On Wednesday Oct. 28, 2015, the Toronto Star published an article by Debra Black updating the Project Hope initiative from the Archdiocese of Toronto. Fifty days into the campaign, the archdiocese has raised $1.7 million and 50 volunteer sponsorship committees — made up of individuals from a community group, church or corporation — have come forward to sponsor refugees. But another 50 volunteer committees are needed as well as another $1.3 million, said Martin Mark, director of the office for refugees at the Archdiocese of Toronto, who recently returned from Jordan where he and a team of volunteers interviewed Syrian refugees for resettlement here.
The article mentions that 50 families have been matched and there is need for more groups to come forward. Mark stressed the archdiocese isn’t just looking to the Catholic community for support, saying other faith groups, corporations and community groups are welcome to join the effort.
Please read the entire article here.
There is also an article on this same topic in the Catholic Register dated Nov. 1, 2015. You can read this article here.
The Episcopal Commission for Justice and Peace of the Canadian Conference of Catholic Bishops (CCCB) published their Pastoral Letter on October 26, 2015. In their four section letter they begin by explaining in the first section (Why We Are Writing) the rationale for the letter. They are direct in saying, “We believe that discussion is not enough; this is a time for urgent action”. The CCCB is indicating that the traditional definition of a “refugee” is no longer adequate. They declare, “We can now add a new category of climate or environmental refugees”.
In the second section entitled “Biblical Teaching” the Bishops remind us that Jesus himself was a refugee, “Even the child Jesus himself was a refugee when his family fled the persecution of King Herod (Matthew 2.13-14)”. The key phrase is from the Gospel of St. Mathew – “I was a stranger and you
welcomed me” (Matthew 25.35).
The next section, “Welcoming and Protecting Refugees” reminds us clearly that what we as Church can do is not only limited to simply assisting and supporting the refugee as they progress through the process of selection, but must look to full inclusion that clearly respects differences. This section goes on to note the many issues in need of clarification. These include: accelerating procedures, emphasis on family reunification, asylum, appeal procedures and others.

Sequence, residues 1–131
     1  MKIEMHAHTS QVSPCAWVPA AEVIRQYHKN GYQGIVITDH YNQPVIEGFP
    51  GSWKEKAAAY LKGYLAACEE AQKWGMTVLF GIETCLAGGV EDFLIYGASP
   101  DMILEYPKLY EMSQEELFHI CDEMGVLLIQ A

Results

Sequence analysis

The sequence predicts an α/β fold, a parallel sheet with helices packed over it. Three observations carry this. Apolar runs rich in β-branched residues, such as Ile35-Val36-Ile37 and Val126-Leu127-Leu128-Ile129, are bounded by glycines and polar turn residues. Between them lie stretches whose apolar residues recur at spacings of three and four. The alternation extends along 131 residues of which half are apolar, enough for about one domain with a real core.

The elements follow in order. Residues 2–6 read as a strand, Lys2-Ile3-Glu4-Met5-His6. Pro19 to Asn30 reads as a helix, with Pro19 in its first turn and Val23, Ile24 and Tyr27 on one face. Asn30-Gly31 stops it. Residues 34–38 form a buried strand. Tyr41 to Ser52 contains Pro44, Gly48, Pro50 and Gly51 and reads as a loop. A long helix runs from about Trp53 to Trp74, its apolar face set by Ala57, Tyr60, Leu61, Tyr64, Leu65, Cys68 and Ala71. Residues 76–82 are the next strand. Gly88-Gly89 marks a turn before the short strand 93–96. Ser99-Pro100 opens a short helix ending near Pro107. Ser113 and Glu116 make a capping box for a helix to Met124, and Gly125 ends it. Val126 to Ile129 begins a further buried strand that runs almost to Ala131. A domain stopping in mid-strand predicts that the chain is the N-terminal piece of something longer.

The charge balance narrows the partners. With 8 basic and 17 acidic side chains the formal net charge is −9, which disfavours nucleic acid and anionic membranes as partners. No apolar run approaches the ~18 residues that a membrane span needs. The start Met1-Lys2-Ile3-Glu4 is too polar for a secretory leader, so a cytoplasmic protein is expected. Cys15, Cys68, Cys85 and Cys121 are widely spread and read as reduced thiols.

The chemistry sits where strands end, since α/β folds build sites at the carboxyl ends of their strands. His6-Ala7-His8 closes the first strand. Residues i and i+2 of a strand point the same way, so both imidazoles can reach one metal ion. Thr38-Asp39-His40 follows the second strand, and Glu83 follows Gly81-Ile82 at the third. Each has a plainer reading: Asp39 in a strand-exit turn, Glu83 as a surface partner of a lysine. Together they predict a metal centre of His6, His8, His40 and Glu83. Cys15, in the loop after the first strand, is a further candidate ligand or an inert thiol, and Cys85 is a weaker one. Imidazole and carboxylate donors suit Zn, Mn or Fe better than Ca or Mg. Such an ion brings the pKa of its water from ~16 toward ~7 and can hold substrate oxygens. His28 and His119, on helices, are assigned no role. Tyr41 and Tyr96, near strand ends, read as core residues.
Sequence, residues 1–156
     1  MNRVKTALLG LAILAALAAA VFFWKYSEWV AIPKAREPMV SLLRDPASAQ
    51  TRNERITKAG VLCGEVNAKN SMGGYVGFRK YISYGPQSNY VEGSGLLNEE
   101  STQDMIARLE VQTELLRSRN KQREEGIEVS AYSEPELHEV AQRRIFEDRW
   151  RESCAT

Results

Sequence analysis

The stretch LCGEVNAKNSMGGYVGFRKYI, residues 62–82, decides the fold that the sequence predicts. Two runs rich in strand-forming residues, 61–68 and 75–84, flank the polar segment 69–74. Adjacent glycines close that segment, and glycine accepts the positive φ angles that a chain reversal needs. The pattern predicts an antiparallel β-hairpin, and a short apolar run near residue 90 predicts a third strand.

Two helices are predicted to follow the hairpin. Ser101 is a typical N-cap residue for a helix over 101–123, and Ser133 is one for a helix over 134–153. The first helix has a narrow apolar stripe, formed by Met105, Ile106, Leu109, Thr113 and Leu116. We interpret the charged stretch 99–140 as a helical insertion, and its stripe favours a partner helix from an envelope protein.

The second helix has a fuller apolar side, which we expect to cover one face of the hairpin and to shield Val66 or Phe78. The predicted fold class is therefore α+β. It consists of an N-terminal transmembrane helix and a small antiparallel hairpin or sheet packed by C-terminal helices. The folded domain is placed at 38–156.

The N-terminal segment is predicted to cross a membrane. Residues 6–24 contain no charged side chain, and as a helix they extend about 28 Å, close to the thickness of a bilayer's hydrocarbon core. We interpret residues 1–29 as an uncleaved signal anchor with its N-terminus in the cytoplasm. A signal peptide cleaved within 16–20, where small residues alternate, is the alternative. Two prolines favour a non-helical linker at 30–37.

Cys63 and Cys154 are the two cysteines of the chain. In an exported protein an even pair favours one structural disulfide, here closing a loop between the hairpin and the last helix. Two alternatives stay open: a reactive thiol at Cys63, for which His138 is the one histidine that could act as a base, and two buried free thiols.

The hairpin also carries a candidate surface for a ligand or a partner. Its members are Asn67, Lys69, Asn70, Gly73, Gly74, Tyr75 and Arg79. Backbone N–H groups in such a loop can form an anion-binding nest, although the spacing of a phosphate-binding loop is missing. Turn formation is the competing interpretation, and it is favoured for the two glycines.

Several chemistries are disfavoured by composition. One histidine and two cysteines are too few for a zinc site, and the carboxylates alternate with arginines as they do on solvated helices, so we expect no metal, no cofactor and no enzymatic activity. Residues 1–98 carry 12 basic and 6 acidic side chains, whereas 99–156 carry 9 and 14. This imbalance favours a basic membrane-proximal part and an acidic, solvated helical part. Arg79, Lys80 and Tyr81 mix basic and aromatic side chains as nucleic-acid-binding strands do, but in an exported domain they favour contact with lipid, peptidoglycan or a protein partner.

The final section (The Church: Speaking and Acting on Behalf of Refugees) the challenge is clear, “Our faith calls us to let ourselves be moved – even disturbed – by our sisters and brothers who are refugees”. The Bishops note and congratulate the many parishes and other groups who have sponsored refugees over the years. In terms of the Government, the Bishops say, “It is imperative that this Catholic voice be heard by the Canadian government”. There are several practical ideas that are meant for all of us to undertake. These include: call on the federal government, praying for refugees in camps around the world, support Development and Peace and CNEWA, create local diocesan services, mark World Day of Migrants and Refugees, provide formation for pastors and pastoral workers and establish a pastoral ministry for migrants.
You can read the entire letter here.
In a letter to the country’s national political leaders, the Most Reverend Douglas Crosby, O.M.I., Bishop of Hamilton and President of the Canadian Conference of Catholic Bishops, asks them to collaborate in better assisting refugees. “No matter which of you may be invited to form the next government and to serve as the next leader of the official opposition – to support efforts by the government and individual members of Parliament to ensure Canada effectively expands, accelerates and facilitates the private sponsorship of refugees. We particularly urge you to find more effective ways of reuniting refugee families, and to recognize the special urgency of the needs of children, single-parent families, and those minorities and individuals facing persecution.”
The Bishop also said that the Office for Refugees of the Archdiocese of Toronto (ORAT) is one of the nation’s largest refugee agencies. Staff from other Catholic dioceses and eparchies have formed a special organization, the Catholic Refugee Sponsors’ Council. Both ORAT and the Sponsors’ Council are active in providing advice and information for groups wishing to initiate sponsorship or resettlement, or already involved in such efforts.
“On behalf of the Catholic Bishops of Canada, I assure you that we will do all we can to cooperate with you, as well as with provincial and municipal governments, in assisting, sponsoring and resettling refugees from Syria, from throughout the Middle East, and from other areas of the world that are experiencing conflict or persecution. Furthermore, we will continue to collaborate in providing humanitarian assistance to the millions of others throughout the world who have been displaced because of famine, poverty or environmental disaster.”
You can read the entire letter here